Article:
Chapter 1How to have a Stress-Free Bankruptcy
Chapter 2What is Bankruptcy
Chapter 4What is the procedure?
Chapter 6What can Bankruptcy do for you?
Chapter 8Is Bankruptcy Bad?
Chapter 9What does Bankruptcy cost?
Chapter 10Can I file without my spouse?
Chapter 12Do I lose anything?
Chapter 13Does Bankruptcy "Ruin my Credit"
Chapter 14Can I keep bills off my bankruptcy
Chapter 16What about the Credit Union?
Chapter 18What about my car?
Chapter 19What about my House?
Chapter 20When do creditors stop bothering me?
Chapter 22Joint Accounts with Parents
Chapter 23When do I stop paying creditors?
Chapter 24Gas, Electric & Phone Bills
Chapter 26What Bankruptcy won't solve
Chapter 27Chapter 13 Debt repyament Plans
Chapter 28Will I be able to get credit again?
Chapter 29Bill Consolidation Loans
Chapter 30Bill Consolidation
Chapter 31Wage Assignments, Deductions and Levies
Chapter 32Student Loans
Chapter 33Can I get rid of Taxes
Chapter 34NSF Checks, Traffic & Parking Tickets
Chapter 35Surrendering Real Estate & Time Shares
Chapter 36Business Bankruptcy
Chapter 37Professional Persons
Chapter 38Do you ever "Not Get" a Discharge?
Sometimes. You have to wait a certain amount of time between bankruptcy filings. Sometimes we will file a Chapter 13 even if you cannot get a discharge if you have filed previous cases under certain circumstances. You will need to know the date you filed your prior case, what Chapter, and if a Chapter 13 what the % to unsecured creditors was, and whether or not you received a discharge, or had a bar order or order from relief from stay.
If you have not filed a previous case, Chapter 7 will discharge all honest debt. It will not discharge student loans, marital and support obligations, recent taxes, fraud, tickets and fines, willful injuries such as intentional tort judgments, and won't get rid of liens on property. The same in Chapter 13, unless you pay those debts in a Chapter 13.
Also, creditors can object to your discharge. Some grounds are fraud and breach of fiduciary duty.
The purpose of a consumer Chapter 7 or 13 is to reorganize your debt. Most of the time you pay only the part you want to, or have to pay.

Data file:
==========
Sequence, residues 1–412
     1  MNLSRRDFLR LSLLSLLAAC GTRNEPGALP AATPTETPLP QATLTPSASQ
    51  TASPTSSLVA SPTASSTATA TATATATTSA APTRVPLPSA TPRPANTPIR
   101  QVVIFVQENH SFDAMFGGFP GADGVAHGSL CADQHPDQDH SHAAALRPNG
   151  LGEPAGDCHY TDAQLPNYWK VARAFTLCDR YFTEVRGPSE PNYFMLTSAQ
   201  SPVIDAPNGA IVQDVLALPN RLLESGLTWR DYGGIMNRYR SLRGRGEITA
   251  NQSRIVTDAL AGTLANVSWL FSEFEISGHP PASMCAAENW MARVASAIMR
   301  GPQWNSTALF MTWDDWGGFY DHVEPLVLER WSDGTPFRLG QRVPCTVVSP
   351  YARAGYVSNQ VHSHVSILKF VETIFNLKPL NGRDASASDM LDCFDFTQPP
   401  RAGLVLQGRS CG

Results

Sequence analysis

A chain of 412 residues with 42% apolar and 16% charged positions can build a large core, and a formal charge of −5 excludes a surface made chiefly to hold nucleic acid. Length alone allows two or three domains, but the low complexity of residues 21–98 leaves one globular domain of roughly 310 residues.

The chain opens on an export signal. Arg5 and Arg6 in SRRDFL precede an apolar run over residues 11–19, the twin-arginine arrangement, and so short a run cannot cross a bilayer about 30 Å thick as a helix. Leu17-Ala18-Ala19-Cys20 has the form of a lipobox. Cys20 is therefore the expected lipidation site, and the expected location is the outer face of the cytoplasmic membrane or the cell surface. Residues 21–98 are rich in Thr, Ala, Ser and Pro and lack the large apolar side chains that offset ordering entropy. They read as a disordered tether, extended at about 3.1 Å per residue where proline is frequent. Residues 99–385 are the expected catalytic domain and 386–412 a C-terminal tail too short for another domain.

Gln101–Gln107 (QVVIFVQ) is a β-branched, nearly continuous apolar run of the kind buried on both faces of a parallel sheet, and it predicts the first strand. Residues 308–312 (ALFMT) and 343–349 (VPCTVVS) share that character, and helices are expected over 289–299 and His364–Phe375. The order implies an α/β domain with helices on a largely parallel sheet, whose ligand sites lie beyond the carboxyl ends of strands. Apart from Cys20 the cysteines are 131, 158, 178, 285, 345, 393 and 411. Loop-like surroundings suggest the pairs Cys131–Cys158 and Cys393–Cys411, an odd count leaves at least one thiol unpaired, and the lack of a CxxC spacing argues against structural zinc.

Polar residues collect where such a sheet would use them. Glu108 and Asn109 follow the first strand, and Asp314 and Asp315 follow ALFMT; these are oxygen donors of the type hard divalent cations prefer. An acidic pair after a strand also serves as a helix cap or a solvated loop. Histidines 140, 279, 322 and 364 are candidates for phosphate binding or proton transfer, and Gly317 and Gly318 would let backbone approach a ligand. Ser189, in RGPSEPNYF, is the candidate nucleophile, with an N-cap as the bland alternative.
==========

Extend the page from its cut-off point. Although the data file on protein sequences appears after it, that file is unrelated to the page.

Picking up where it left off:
Sometimes, there is no debt you want to pay. In any case, people often say, "This sounds so easy. There must be a catch to it."
Things usually work out as I have set forth in this book. There are exceptions. The Bankruptcy Code states that you can be denied a discharge of your debt. The most common reasons are lying on your bankruptcy petition, or "abuse" of the Bankruptcy Code by hiding or transferring assets, or by running up the credit cards with the intent to cheat creditors.
Geraci Law has represented thousands and thousands of debtors, in both Chapter 7 and Chapter 13 cases. I have had a few cases in which a Court denied a discharge. So, in my experience, your chances of "not getting" a bankruptcy discharge, are about 1 in 100,000, and it would usually only be because you did not co-operate, or you lied.
Don't worry about not getting a discharge. We tell you up front if we notice anything unusual. Bankruptcy is very predictable, it is very calm, and there is very little emotion involved. Only if you are one in ten thousand will you not get a discharge.
Of course, individual debts such as newer student loans are by their nature, according to the law, not dischargeable. But you will know what debts are not dischargeable before you start.
So, don't worry about not getting a discharge of debts. It can happen, but when you think about it, since it is so rare, even if it happens there is a lot of good in filing. It is not a primary concern in our office.
The United States Trustee can object to your discharge in a Chapter 7 if they feel you are abusing the bankruptcy laws by an improper filing, or if you have income after expenses that can be used to pay creditors. We have only seen this happen once or twice. We have successfully rebutted presumptions of "abuse" in hundreds of cases, and it only usually comes up when you have little secured debt, and income far over the median income listed by the IRS for your zip code. We know how to handle those cases, since a large part of our practice is high income household making over $70,000 per year.